Archives for category: family

On Labor Day, I thought we should be doing something.  It’s a lot of pressure, that third day of a long weekend, and I wanted to make use of it but I wasn’t sure how.  So I asked the three-year old.

“What should we do today?”

I don’t know what I expected her to say.  A bike ride to the frog pond, maybe.  Going out for ice cream. A trip to the lake.

“I want to go to the park.”

“The park? Which park? The playground?”

“No. The park where we go to eat pizza.”

“Really? By the water?”

“Yeah.”

It’s just a plain old park.  Nothing special there except a nice view of the harbor and a decent proximity to the pizza place.

“What would you like to do there?”

“Run on the grass with Sam.”

“Really? Huh.”

Sometimes a request is so simple, even my grumpy brain can’t think of a reason to say no.

So we went to the park.  And she did run around a good deal, circling benches full of tourists and swooping around flower beds.  Sam, who still isn’t a steady enough walker for uneven terrain, spent some quality time butt scooting around on the paths and the soggy grass.  There was giggling and chasing.

When their initial energy began to flag, we suggested a walk down the shorefront.  I fetched the backpack from the car and we tucked Sam into it on Michael’s back.  I picked Annabel some rosehips to eat on the way, which she liked and insisted on calling “cherries,” mostly so I would keep correcting her.  When we came to a spot with an easy path to the water, we headed down and sat on the rocks.  We tossed pebbles around the beach for a while, watching them ricochet.  I managed, in an impressively flukey shot, to balance a small rock right on top of a large boulder.  I was very proud of myself for about a minute-and-a-half, until Michael, in an impressively non-flukey shot, pinged it off again.

Michael remembered that he had promised our nephew a family picture for a school project.  So he propped the camera up on a rock and we took two quick timed shots before we ran out of patience.

Annabel climbed up and down a piece of ledge while singing “The Bear Went Over the Mountain.”  Michael built a cairn on my leg.  Sam built a cairn on Michael’s leg.  Michael and Sam engaged in a cairn building/destroying game.

Annabel and I wandered down to a tide pool and watched snails slide around on the rock.  She rescued a few that were out of the water.  I tried to explain the basics of snail anatomy.

Sam got a bit cranky because we wouldn’t let him sit in the tide pool, so we put him back in the backpack and headed back towards town.  A few more “cherries” for Annabel and a brief discussion about how we weren’t having ice cream for lunch later and we were back at the car.  We stopped at the grocery store and then headed home for sandwiches and snacks.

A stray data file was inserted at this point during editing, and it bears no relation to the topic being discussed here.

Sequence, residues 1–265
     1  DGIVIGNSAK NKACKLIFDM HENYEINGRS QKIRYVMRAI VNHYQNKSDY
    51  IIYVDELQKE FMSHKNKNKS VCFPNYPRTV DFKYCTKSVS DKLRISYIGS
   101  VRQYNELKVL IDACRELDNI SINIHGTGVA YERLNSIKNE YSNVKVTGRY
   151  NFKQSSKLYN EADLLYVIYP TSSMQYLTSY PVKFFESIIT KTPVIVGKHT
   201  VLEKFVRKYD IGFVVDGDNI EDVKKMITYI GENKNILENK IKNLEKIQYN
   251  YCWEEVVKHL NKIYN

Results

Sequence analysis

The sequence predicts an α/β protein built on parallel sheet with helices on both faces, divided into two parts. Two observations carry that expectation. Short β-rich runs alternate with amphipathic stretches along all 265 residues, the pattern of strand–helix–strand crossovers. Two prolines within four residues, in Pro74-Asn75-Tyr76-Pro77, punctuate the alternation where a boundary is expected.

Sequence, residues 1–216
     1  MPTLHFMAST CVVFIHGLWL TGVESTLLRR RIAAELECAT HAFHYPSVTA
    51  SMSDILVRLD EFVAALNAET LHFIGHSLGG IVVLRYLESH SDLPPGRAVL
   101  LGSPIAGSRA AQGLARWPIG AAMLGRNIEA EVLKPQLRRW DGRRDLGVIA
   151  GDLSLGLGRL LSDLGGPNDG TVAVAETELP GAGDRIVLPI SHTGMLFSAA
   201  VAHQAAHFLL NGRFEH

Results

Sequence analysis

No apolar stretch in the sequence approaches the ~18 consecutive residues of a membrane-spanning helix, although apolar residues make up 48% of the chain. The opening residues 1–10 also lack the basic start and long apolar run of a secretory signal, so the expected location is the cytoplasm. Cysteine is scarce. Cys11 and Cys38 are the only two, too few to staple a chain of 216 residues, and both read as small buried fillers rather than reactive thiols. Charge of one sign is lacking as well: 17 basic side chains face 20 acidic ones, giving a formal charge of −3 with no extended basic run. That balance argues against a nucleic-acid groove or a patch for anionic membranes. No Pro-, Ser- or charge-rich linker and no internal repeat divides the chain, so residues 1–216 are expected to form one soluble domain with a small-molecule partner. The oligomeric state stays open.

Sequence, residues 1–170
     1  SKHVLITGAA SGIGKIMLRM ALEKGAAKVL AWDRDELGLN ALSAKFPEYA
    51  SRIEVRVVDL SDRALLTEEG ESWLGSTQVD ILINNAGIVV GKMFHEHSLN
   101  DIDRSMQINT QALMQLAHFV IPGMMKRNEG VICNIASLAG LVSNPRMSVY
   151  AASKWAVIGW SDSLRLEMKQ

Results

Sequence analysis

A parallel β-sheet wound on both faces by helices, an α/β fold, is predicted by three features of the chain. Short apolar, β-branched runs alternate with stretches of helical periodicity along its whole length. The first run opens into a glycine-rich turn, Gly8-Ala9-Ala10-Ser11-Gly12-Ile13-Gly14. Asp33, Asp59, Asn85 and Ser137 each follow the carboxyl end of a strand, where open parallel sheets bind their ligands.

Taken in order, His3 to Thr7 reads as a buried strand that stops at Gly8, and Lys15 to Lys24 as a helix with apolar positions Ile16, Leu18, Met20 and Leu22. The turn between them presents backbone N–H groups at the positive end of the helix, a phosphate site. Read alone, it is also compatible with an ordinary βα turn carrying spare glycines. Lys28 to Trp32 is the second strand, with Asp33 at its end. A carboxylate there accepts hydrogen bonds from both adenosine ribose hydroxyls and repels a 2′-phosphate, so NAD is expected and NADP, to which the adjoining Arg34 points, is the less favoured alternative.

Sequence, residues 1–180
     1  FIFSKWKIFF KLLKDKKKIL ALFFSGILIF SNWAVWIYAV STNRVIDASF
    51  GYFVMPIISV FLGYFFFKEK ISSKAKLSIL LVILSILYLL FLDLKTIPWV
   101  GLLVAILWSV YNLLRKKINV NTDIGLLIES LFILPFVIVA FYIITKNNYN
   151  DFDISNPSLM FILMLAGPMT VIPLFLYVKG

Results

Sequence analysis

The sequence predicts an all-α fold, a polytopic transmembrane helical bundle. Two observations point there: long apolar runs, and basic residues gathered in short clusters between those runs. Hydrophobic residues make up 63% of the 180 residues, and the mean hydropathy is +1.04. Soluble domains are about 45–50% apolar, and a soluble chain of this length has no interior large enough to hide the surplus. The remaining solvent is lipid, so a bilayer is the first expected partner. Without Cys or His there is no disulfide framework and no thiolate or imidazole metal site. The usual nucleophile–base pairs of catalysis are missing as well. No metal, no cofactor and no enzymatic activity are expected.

It wasn’t, by any stretch of the imagination, a picture-perfect day.  But it was a nice day.  It was a reminder that although sometimes the grass is wet, the picture comes out crooked, and one or more members of the party might get a little snippy, if you can just hang in there for the ride, it all works out okay.  We don’t need perfection, we just need everyone to show up for the game.  I forget that a lot.  I’m glad I got a reminder.

And all I had to do was ask the three-year old.

She could have at least looked at the camera, though.

Today is my mother’s birthday.

That’s not an April Fool’s joke.  It really is.

I’m not going to tell you how old she is, but it also just occurred to me, right this very second, that she was the age I am now when she gave birth to me.  For the next ten months, she will be twice my age.

Funny stuff, that math.

I was the third of three girls that she gave birth to, although the first two were twins so that skews things a bit, somehow.  She was, for the 1970s, an older mom.  I remember being embarrassed when I was in school because she was older than everyone else.  Once I came home and announced that we had been talking about our mom’s ages at lunch and I had lied about how old she was.

“What did you tell them?” she asked.

“I told them you were 39,” I said.

I think she laughed until she fell over.  She was really in her mid-40s.

39 seemed old to me then.  Even that was older than most of my friends’ mothers.  Breaching the 40s seemed unspeakable.

I was stupid.  Luckily she knew that.

I didn’t come here to tell you any of that.  I came here to tell you the story of my mom’s birth, which is an awesome one.

The island that my mother grew up on didn’t have a doctor, at least not a doctor that would deliver babies.  So when my grandmother went into labor, my grandfather bundled her up on the lobster boat and made the 15-minute crossing to the nearest town, which had what they used to call a “laying-in hospital.”  My grandfather dropped off his wife in the capable hands of the medical staff and asked, “What is this going to cost?”

The doctor told him.

My grandfather got back into the lobsterboat and headed out into the bay, where he proceeded to pull lobster traps until he had enough.  Then he motored over to the lobster pound and sold them.  He tied up the boat and walked to the hospital, where he handed the doctor $25.  And the doctor handed him my mother.

This is the stock from whence I came.

It’s no wonder she never had any use for my crap.